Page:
Night fire suppression back for this summer

8 September 2018

9 September 2018

This summer, Victoria is working to have night fire suppression as part of its firefighting arsenal.

After the success of an Australian-first trial last summer which simulated fire and proved it could be done safely, this summer's focus is working with the fire agencies and the providers to develop and test safety procedures and training in order to allow night time aerial firefighting. 

The two night fire suppression enabled helicopters will be based in Ballarat and Mangalore. These aircraft and the crew will have the potential to respond to any area across the State – but only in the right circumstances and on the right fires.

Emergency Management Commissioner Andrew Crisp said it was important to understand that safety considerations remained the key to this second phase of the night fire suppression trial.

"Remembering that we have not used night vision goggles or enabled aircraft on uncontrolled fires yet in Victoria, we still have a lot to learn and the first consideration will always be safety of our pilots, ground crews and community," he said.

"There are only a couple of these helicopters available to us, so it is a finite tool in Victoria’s toolbox for the summer. Night fire suppression activities will support the great work our fleet and pilots already do during the day." 

Depending on where the fire is, the night flying helicopters must have been to the area during the day in order to operate during the night to identify hazards, water supply and where the fire might potentially spread to.

Where appropriate, night operations will be used as an extension of the day operations, meaning aircraft will be able to assist ground crews on fires for longer.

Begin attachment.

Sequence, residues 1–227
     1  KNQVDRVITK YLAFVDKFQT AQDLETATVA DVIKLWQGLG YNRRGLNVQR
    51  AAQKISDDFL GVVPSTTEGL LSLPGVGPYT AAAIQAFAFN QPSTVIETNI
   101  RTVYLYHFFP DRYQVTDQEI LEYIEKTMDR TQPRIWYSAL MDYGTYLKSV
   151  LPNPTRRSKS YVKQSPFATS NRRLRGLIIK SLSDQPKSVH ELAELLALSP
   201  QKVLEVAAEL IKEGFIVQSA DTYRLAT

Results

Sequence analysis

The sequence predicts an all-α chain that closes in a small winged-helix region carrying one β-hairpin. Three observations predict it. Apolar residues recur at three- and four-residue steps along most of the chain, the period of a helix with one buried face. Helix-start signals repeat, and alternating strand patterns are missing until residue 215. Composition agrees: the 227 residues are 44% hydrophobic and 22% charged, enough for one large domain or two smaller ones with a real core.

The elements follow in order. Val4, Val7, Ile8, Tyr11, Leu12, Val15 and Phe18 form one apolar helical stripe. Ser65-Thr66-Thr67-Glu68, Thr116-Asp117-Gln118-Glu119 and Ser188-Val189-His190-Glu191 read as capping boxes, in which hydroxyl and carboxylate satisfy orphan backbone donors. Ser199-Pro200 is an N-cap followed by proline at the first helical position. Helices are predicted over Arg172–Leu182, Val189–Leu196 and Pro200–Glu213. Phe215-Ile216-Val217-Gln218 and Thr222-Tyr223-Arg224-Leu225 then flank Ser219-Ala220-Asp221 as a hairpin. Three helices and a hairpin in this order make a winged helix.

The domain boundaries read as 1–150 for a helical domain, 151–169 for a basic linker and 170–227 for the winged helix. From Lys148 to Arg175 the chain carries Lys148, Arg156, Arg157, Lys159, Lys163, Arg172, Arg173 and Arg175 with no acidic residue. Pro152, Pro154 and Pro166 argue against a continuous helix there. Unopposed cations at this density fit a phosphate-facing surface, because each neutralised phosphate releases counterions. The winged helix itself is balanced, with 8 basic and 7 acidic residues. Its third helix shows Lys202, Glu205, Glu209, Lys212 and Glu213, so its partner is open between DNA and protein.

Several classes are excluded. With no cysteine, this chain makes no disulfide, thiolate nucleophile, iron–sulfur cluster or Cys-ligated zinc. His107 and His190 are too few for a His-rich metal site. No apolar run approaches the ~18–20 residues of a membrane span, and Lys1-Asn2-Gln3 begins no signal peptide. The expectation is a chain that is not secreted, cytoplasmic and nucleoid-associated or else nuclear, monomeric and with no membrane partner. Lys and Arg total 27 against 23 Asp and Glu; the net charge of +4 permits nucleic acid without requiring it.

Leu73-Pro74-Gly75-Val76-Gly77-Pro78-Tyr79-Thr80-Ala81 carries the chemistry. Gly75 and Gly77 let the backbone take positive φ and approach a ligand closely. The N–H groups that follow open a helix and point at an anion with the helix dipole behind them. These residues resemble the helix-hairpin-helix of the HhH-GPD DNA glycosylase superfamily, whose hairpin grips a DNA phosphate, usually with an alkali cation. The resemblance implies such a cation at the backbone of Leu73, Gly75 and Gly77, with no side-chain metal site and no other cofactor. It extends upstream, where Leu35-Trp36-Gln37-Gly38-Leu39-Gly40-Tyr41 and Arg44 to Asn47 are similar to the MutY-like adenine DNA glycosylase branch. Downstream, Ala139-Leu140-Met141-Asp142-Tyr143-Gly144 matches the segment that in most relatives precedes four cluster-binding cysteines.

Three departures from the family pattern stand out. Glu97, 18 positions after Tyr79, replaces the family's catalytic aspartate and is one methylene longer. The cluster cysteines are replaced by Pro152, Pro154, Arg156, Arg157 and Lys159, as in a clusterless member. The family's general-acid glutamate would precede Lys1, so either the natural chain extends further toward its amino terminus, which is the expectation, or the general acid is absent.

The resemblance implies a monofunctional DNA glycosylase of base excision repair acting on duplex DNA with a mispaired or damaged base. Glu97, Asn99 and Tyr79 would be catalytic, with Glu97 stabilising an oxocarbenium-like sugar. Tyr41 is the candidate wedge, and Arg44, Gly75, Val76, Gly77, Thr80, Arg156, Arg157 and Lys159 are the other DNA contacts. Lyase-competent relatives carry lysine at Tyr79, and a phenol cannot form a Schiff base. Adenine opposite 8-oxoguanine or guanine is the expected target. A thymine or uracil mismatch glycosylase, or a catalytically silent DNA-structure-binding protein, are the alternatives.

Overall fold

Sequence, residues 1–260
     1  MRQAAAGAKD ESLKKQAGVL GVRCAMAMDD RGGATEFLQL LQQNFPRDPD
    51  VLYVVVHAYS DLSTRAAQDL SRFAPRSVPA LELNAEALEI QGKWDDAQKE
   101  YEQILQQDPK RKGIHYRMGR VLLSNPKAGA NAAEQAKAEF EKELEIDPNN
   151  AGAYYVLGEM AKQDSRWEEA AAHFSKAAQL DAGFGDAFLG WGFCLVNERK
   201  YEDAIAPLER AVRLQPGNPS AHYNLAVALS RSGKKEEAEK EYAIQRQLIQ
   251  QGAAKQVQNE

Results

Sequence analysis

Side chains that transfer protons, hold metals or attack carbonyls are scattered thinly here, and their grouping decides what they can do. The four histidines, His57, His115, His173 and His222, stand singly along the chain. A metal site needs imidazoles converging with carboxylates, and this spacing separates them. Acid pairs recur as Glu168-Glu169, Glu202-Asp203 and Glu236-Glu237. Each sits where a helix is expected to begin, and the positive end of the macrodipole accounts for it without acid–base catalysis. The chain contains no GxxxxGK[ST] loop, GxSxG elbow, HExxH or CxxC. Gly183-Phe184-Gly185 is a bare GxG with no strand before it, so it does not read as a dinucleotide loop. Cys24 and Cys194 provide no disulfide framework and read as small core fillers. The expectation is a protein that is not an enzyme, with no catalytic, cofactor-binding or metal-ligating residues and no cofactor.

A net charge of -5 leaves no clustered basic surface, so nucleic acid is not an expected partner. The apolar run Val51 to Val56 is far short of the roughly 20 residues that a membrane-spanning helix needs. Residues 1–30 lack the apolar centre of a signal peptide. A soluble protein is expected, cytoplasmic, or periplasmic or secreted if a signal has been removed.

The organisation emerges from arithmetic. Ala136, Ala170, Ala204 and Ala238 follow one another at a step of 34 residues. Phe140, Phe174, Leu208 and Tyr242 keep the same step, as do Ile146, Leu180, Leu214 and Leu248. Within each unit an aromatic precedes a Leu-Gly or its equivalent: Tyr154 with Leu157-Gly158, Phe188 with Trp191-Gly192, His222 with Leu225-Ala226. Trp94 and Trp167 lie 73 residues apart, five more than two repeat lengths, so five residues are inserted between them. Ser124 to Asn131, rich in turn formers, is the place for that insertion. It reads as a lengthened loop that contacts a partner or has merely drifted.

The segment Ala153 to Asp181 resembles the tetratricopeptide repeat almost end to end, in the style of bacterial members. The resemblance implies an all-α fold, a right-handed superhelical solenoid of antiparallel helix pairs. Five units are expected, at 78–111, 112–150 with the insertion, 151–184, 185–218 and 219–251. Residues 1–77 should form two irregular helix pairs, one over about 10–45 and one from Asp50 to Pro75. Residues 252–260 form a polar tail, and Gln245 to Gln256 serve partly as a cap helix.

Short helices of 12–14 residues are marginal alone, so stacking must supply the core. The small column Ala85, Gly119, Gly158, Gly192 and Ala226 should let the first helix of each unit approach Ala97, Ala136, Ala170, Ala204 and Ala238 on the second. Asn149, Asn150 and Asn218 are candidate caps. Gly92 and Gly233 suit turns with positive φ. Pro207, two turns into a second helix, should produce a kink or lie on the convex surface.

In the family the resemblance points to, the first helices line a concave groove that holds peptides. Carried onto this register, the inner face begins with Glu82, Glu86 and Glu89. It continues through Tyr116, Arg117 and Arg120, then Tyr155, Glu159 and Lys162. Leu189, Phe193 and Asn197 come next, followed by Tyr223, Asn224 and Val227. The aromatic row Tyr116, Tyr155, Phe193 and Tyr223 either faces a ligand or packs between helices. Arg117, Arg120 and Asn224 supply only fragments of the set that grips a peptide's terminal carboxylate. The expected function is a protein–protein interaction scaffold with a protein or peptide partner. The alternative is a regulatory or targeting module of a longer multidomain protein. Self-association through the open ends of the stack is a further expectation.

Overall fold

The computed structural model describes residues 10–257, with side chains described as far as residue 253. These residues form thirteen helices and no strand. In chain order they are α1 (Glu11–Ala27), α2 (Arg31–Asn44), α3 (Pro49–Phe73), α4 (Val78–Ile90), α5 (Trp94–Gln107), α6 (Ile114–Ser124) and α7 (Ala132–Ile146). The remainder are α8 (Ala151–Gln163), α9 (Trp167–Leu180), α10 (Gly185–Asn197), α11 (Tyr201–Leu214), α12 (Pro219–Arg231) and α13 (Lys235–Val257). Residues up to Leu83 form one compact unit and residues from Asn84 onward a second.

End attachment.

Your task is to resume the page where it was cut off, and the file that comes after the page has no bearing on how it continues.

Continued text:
The ability to undertake night operations means emergency services can take advantage of generally milder fire behaviour compared to during the day, including lower temperatures, higher humidity and lighter winds. However, due to fatigue considerations, night flying won't exceed five hours total at a time. 

"This is such an exciting opportunity for Victoria and Australia, and the project managers in Emergency Management Victoria and those from across the sector locally and nationally should be really proud of what has been achieved," he said.

Two aviation firebombing providers based in Victoria gained approval to conduct night time firebombing operations, after successfully completing an Australian-first trial this year. Victoria continues to work through the requirements for night fire suppression on behalf of other states and territories.

A series of training and briefing forums will be rolled out as part of phase two of the trial across the state in the lead up to summer.

Victoria has a contracted fleet of 49 aircraft over summer with a mix of fixed wing and helicopters including two Large Airtankers (LATs) and two orange Aircranes. Around 100 more aircraft are accessible on a call when needed list.